A look at Coastal Gaslink work in the PRRD

The Coastal Gaslink project will begin with one compressor station at Wilde Lake in Groundbirch to the LNG Canada Facility in Kitimat. If the LNG Canada Facility is expanded in the future, further compressor stations could be built.

The workload is split into eight sections — of which, sections one and two fall in the Peace Region. Surerus Murphy is the contractor for these two sections. (Surerus Murphy is a joint venture between Fort St. John-based Surerus Pipeline and J. Murphy & Sons, headquartered in London, UK).

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“Talking about our 2019 construction program, this is really all about getting access to the right of way, so the facilities, the actual pipeline construction work will be taking place more in 2020. This 2019 work has a lot to do with clearing mostly and building the access roads that we require,” says Catie O’Neal, Public Affairs, Western Canada with TransCanada.

Work was slated to begin February in Section 1 in Chetwynd, while the schedule says first work in Section 2 begins in late June for access.

The two main camps in sections 1 and 2 are the Sukunka River camp about 40 km southwest of Chetwynd, which would be used over three construction seasons, and the Chetwynd camp which is about 6.5 km south of Chetwynd.

From July to December 2019, the Sukunka camp would peak at about 300 workers, from May to December 2019, peaking at 700 workers, and in May to November 2021 600. The Chetwynd camp will see one construction season — May to November 2020 — with a peak of approximately 700 workers.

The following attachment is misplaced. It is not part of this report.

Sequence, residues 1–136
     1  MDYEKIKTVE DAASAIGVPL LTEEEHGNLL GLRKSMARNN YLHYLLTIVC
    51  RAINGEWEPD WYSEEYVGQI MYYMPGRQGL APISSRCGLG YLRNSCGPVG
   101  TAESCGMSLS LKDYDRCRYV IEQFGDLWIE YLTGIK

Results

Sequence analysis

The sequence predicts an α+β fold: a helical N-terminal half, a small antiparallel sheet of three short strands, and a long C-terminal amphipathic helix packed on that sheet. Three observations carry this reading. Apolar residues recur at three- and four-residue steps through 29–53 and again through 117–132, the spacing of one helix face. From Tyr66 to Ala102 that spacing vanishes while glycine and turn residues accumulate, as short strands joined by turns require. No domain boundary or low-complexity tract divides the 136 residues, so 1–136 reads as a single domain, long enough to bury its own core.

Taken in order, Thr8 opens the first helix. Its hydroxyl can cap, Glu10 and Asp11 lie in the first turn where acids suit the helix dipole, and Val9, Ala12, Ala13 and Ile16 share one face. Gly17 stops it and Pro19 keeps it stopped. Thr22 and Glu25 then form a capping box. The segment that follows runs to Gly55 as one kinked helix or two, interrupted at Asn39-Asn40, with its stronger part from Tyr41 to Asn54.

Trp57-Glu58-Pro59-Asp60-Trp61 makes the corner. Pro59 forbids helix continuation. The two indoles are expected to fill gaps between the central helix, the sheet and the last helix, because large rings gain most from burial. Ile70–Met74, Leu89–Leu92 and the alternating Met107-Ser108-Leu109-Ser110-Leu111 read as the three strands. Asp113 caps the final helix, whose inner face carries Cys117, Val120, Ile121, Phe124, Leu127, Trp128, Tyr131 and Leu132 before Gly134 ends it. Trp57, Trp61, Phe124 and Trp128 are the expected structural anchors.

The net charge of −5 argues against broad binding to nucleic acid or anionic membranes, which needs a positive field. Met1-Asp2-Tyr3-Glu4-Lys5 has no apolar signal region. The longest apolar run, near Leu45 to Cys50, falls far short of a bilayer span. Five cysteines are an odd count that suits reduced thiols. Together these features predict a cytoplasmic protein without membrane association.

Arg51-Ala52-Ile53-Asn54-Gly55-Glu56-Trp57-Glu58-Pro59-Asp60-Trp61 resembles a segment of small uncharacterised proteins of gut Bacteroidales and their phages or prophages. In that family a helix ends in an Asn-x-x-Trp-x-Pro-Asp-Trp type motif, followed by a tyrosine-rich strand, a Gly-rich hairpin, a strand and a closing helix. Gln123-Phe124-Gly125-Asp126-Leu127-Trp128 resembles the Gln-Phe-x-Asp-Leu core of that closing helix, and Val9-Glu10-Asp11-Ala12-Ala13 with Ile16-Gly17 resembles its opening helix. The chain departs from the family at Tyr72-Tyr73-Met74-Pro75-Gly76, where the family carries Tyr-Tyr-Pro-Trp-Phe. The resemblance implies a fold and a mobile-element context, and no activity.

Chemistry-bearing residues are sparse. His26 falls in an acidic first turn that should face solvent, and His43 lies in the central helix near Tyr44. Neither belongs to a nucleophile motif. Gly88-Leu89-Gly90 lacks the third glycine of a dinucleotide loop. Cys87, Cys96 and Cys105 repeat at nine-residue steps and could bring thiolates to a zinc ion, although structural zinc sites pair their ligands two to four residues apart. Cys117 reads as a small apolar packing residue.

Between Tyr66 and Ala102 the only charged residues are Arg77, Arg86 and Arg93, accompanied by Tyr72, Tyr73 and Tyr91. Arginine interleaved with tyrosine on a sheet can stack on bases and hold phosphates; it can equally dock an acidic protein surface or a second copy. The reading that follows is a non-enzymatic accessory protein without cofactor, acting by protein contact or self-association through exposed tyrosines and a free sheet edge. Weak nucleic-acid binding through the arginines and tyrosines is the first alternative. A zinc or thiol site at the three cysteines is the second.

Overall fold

A third, smaller camp — the Headwall camp — will be just for drilling activities, about 60 to 100 workers, for the three summer construction seasons.

Civeo and Black Diamond are the camp contractors for the project.

“There as self-contained as possible, so we’re not drawing on the resources of the municipalities or the Regional District wherever we can,” says O’Neal.

There are two stockpile locations in the PRRD sections, one about 10 km west of Chetwynd, and one at the Sukunka River camp.

“After the construction crews have gone away, most of the work area is returned to its previous state as much is practical, with a narrow corridor of 10 metres left open for maintenance,” says Kiel Giddens Public Affairs Manager, British Columbia for the Coastal GasLink Pipeline Project.


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